Business consulting services
Our business consulting services can help you improve your operational performance and productivity, adding value throughout your growth life cycle.
Business process solutions
We can help you identify, understand and manage potential risks to safeguard your business and comply with regulatory requirements.
Business risk services
The relationship between a company and its auditor has changed. Organisations must understand and manage risk and seek an appropriate balance between risk and opportunities.
As organisations become increasingly dependent on digital technology, the opportunities for cyber criminals continue to grow.
Forensic and investigation services
At Grant Thornton, we have a wealth of knowledge in forensic services and can support you with issues such as dispute resolution, fraud and insurance claims.
Mergers and acquisitions
Globalisation and company growth ambitions are driving an increase in M&A activity worldwide. We work with entrepreneurial businesses in the mid-market to help them assess the true commercial potential of their planned acquisition and understand how the purchase might serve their longer- term strategic goals.
Recovery and reorganisation
Workable solutions to maximise your value and deliver sustainable recovery
Transactional advisory services
We can support you throughout the transaction process – helping achieve the best possible outcome at the point of the transaction and in the longer term.
We provide a wide range of services to recovery and reorganisation professionals, companies and their stakeholders.
The International Financial Reporting Standards (IFRS) are a set of global accounting standards developed by the International Accounting Standards Board (IASB) for the preparation of public company financial statements. At Grant Thornton, our IFRS advisers can help you navigate the complexity of financial reporting from IFRS 1 to IFRS 17 and IAS 1 to IAS 41.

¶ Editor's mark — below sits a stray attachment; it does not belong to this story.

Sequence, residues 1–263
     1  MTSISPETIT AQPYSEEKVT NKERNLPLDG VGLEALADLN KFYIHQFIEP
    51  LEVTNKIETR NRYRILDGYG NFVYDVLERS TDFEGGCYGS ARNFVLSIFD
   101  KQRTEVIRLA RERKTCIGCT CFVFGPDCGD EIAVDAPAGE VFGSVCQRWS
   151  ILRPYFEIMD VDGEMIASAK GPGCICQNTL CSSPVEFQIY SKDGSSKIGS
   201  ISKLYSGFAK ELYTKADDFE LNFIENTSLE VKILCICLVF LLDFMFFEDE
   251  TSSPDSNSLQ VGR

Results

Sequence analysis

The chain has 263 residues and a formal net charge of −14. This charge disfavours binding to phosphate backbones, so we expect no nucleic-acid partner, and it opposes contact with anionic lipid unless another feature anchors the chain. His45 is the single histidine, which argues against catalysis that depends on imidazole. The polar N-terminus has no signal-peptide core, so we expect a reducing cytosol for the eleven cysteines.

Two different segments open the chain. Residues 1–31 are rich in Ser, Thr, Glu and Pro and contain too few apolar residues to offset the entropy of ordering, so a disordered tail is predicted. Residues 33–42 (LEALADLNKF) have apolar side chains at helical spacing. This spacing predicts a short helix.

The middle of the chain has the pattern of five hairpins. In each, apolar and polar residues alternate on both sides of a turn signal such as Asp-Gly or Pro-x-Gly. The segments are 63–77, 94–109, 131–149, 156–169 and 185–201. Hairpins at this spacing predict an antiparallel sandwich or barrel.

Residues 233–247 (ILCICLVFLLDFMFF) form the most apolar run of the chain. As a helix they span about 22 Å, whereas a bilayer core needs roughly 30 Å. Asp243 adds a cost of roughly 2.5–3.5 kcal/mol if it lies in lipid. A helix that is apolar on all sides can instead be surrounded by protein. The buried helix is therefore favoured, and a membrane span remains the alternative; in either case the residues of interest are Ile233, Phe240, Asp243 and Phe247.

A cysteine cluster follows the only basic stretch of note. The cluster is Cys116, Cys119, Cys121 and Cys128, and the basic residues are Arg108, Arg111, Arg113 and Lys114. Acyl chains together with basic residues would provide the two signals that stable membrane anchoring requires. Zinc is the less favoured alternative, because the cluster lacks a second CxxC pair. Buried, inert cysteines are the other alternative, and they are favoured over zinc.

Audit quality monitoring
Having a robust process of quality control is one of the most effective ways to guarantee we deliver high-quality services to our clients.
Global audit technology
We apply our global audit methodology through an integrated set of software tools known as the Voyager suite.
Corporate and business tax
Our trusted teams can prepare corporate tax files and ruling requests, support you with deferrals, accounting procedures and legitimate tax benefits.
Direct international tax
Our teams have in-depth knowledge of the relationship between domestic and international tax laws.
Global mobility services
Through our global organisation of member firms, we support both companies and individuals, providing insightful solutions to minimise the tax burden for both parties.
Indirect international tax
Using our finely tuned local knowledge, teams from our global organisation of member firms help you understand and comply with often complex and time-consuming regulations.
Innovation and investment incentives
Dynamic businesses must continually innovate to maintain competitiveness, evolve and grow. Valuable tax reliefs are available to support innovative activities, irrespective of your tax profile.
Private client services
Our solutions include dealing with emigration and tax mitigation on the income and capital growth of overseas assets.
The laws surrounding transfer pricing are becoming ever more complex, as tax affairs of multinational companies are facing scrutiny from media, regulators and the public
Tax policies are constantly evolving and there are a number of complex changes on the horizon that could significantly affect your business.
Outsourcing Changes to the Outsourcing legislation, specifically when offshoringSignificant changes to the dynamic of the financial services sector in recent years have shifted the paradigms in how we work. The increased digitisation of the workforce, changes in business models, globalisation, and remote working capabilities have led to a new approach to the delivery of services.
Asset management Inflation and tax planningThe recent onset of rapid inflation is an unwelcome development that is having a widespread impact on US businesses and tax planning.
Expatriates taking up employment in Germany will be subject to comprehensive rules and, in some cases, employment visa requirements.